Killer of 3 in Danville gets 3 consecutive life terms
URBANA — Nearly six years after three Danville residents were gunned down on the city's east side, a Chicago man was sentenced to three consecutive life terms in prison for their murders.
U.S. District Judge Michael McCuskey also ordered that 34-year-old Freddell L. Bryant, also known as "Freddy Moe," begin serving the back-to-back life terms after the 25-year term he's currently serving in federal prison for the underlying cocaine and crack cocaine distribution conspiracy convictions.
It was the maximum sentence that Bryant could receive under the law.
"We were so happy," said Candace Leverenz, mother of the youngest victim, 19-year-old Madisen Leverenz. "I feel like Maddy definitely got justice."
Assistant U.S. Attorney Eugene Miller, who prosecuted the case along with Jason Bohm of the U.S. attorney's office for the Central District of Illinois, said he was pleased the court imposed the maximum sentence, as they requested.
"We believe it was not only justified but also the only reasonable sentence under the circumstances," Miller said, adding the successful prosecution was the result of the efforts of the Drug Enforcement Agency and Danville and Illinois State Police.
Miller said McCuskey told Bryant he saw no remorse from him, and he accused Bryant of trying to intimidate the Leverenz family and him by glaring at them across the courtroom.
On Dec. 10 in federal court in Urbana, Bryant — an admitted drug dealer and "general" in the Black P. Stones gang — was convicted of three counts of using a gun in a drug-trafficking crime that led to the deaths of Ms. Leverenz, 21-year-old TaBreyon McCullough and 30-year-old Rodney Pepper, all of Danville.
Mid-morning on March 25, 2007, Mr. Pepper's body was found lying in the street in front of an apartment building at 1707 E. Main St. The women's bodies soon were discovered inside one of the apartments.
During Bryant's trial in early December, prosecutors presented evidence to show that Bryant ran an extensive drug operation in Danville, and he was retaliating for the theft of multiple kilograms of cocaine that he had Ms. McCullough, his girlfriend, keep at her house.
On the day of the murders, Bryant and fellow Black P. Stone gang members took Ms. McCullough to the Main Street apartment to confront Ms. Leverenz and Mr. Pepper, whom Bryant believed took $50,000 in cocaine. During the confrontation, Mr. Pepper tried to escape by jumping through a front window, but Bryant chased after him and shot him in the back, while an accomplice — Jerome J. Harris, 28, of Danville — shot Ms. Leverenz and Ms. McCullough inside the apartment.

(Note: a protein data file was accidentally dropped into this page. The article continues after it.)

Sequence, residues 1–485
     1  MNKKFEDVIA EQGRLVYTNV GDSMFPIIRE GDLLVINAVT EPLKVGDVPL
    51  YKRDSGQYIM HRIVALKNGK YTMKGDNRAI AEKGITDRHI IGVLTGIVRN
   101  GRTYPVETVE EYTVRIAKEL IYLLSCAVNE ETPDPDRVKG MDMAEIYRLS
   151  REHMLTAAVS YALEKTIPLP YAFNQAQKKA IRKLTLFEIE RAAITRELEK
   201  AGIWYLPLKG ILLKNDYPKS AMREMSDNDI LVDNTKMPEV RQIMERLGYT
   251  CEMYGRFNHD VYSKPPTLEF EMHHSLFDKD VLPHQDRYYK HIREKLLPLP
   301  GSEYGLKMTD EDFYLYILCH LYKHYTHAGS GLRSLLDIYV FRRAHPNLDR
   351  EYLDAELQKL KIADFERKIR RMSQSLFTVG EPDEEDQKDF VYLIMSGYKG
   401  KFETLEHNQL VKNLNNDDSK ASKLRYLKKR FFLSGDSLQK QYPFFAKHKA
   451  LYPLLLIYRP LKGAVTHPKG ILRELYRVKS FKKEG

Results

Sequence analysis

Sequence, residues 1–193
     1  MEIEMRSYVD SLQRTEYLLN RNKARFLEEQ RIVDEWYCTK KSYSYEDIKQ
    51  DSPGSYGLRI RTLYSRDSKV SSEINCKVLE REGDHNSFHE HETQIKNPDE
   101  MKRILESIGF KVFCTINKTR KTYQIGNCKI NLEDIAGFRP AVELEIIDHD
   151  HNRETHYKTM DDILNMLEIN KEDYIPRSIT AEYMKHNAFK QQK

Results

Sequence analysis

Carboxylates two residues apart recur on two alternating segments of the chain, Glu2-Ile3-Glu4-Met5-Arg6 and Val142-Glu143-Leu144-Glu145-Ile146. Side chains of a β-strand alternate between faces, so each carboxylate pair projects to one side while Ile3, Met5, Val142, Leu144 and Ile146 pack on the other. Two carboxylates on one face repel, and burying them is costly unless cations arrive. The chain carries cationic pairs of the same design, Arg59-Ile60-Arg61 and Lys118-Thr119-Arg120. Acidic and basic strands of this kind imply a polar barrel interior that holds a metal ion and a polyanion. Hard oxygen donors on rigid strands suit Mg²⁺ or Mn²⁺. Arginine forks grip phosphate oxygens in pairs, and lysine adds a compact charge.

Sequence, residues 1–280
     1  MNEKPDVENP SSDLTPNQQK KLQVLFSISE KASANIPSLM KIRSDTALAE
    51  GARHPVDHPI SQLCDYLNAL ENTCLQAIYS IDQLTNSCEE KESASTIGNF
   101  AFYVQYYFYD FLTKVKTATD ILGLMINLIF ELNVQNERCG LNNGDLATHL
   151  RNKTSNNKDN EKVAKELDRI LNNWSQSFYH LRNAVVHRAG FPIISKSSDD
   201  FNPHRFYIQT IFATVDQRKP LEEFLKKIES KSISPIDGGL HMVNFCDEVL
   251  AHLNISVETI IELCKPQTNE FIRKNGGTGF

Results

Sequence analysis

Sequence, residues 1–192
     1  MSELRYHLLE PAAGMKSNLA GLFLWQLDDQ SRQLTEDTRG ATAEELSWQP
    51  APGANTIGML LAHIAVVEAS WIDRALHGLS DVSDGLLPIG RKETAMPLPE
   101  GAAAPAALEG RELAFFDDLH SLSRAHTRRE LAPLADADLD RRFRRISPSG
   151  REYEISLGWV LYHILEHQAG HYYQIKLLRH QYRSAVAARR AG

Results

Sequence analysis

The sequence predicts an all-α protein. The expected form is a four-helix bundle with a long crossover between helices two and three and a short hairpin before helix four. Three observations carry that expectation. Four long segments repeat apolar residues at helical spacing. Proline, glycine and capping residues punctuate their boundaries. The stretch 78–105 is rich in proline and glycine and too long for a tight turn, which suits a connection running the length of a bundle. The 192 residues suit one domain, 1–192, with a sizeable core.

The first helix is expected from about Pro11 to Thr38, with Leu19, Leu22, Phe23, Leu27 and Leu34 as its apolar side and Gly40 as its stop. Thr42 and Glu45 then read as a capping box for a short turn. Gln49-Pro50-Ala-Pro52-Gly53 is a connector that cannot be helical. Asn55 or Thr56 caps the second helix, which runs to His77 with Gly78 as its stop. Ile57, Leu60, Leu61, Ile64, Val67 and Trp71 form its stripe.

Harris' murder case is pending in Vermilion County Circuit Court in Danville.
Bryant's defense attorneys — Jon Noll and Daniel Noll of Springfield — unsuccessfully argued that their client was in Chicago too close to the time that the murders happened.
Before Thursday's sentencing, the judge, along with family and friends of the victims who packed the courtroom, heard victim-impact statements from Ms. McCullough's aunt and Ms. Leverenz's father, Mac Leverenz, and sister, Liya Hussman-Rogers.
Mac Leverenz talked about how his wife has cried every day since their daughter's murder, and how Ms. Leverenz's young daughter, Alaya, will never get to know her mother.
Hussman-Rogers talked about how she took her sister, who was 13 years her junior, everywhere with her including dates and college events. She also talked about her niece, who though seemingly resilient, still carries the loneliness of growing up without her mother.
Candace Leverenz praised the prosecutors and judge for their efforts. "They were so thorough and professional, and they went after it with their whole heart," she said.
In March 2009, Bryant pleaded guilty to conspiracy to distribute crack cocaine and possession with intent to distribute crack cocaine in Vermilion County from October 2003 to March 2007. He was sentenced to the 25-year federal prison term on April 29, 2010 and has remained behind bars since then.